Jan. 20 (Bloomberg) -- ZTE Corp., China’s second-largest maker of phone equipment, said it and Ericsson AB agreed to withdraw patent lawsuits against each other.
The companies are awaiting court approval to end the suits, ZTE said in a statement to the Shenzhen Stock Exchange yesterday. ZTE also denied that it was ordered to pay 500 million euros ($647 million) to Ericsson and was banned from entering the European market. Stockholm-based Ericsson said in a separate statement that the two parties agreed to drop all litigation and signed a global cross-licensing agreement.
After “extensive discussion and consultation,” the companies “have agreed to withdraw all patent infringement litigations against each other,” ZTE said in the statement. This includes lawsuits filed by Ericsson against ZTE in the U.K., Germany and Italy, and a lawsuit filed by ZTE against Ericsson in China.
ZTE, based in Shenzhen, rose 2.3 percent to close at HK$22.55 in Hong Kong. The shares yesterday posted their biggest decline in five months, prompting the company to issue a statement that it was “not aware of any reason” for “recent decreases in the price and increases in the trading volume.”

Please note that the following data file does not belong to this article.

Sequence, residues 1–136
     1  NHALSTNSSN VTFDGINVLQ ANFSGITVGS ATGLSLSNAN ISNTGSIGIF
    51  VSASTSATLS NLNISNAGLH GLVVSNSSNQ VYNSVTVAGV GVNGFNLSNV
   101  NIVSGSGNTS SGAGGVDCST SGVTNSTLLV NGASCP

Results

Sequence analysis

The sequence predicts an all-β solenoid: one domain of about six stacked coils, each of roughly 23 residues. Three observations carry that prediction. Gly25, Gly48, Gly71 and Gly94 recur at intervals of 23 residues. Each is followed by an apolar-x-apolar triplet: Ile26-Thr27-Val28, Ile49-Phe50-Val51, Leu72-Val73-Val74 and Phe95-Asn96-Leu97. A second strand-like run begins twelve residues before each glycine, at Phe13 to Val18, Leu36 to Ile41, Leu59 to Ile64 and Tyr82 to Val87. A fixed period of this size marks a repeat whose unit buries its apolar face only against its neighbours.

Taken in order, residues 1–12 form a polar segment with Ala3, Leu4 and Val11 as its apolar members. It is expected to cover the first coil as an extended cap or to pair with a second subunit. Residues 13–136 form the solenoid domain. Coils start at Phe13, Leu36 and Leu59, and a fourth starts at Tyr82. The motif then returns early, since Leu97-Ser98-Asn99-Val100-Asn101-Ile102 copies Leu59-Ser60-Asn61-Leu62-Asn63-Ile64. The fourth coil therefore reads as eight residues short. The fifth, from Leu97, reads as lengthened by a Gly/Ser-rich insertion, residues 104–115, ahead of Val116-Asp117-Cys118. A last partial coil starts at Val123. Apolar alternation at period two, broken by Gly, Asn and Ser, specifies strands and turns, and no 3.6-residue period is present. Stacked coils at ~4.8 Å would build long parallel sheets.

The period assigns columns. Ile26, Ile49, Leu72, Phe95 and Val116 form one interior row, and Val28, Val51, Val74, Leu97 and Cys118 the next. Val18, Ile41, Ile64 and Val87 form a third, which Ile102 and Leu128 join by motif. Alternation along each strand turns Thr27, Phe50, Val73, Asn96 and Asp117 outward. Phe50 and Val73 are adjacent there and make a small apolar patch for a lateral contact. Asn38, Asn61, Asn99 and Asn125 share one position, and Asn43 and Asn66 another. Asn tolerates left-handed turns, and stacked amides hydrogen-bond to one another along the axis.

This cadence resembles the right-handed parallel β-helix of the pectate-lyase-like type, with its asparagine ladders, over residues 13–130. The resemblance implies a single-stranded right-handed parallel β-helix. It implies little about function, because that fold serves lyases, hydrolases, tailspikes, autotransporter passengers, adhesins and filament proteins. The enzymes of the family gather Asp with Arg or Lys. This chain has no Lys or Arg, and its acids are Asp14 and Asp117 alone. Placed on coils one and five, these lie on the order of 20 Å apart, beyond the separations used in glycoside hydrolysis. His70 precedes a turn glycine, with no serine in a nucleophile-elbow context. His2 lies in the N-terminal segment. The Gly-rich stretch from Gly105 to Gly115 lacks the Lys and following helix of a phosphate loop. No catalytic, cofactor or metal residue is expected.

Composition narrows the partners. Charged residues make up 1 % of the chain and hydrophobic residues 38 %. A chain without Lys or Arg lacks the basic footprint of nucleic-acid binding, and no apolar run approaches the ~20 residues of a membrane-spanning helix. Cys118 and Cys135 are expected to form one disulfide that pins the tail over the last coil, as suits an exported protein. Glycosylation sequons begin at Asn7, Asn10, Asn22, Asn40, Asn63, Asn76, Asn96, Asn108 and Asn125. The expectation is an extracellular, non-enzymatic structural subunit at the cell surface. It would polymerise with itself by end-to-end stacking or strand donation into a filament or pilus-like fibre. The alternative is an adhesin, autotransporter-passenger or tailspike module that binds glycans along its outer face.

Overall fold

Ericsson, the world’s largest maker of wireless phone networks, said in April that it filed lawsuits against ZTE in Europe, in connection with alleged infringement of several handset and network technology patents.
“Ericsson has the strongest patent portfolio in the industry with over 27,000 patents and any company which sells mobile devices or systems needs a license from Ericsson,” Kasim Alfalahi, chief intellectual property officer at Ericsson, said in the statement. “We have signed more than 90 patent agreements with different vendors worldwide. Now we can add ZTE to this group.”
ZTE smartphone sales may double this year as they gain market share in Europe, North America, Brazil and Japan, the company said last week.
That expansion in handsets may damp profit as the company subsidizes purchases of the devices, said Bill Fan, an analyst at Guosen Securities Co. in Hong Kong, which rates the shares “buy.”
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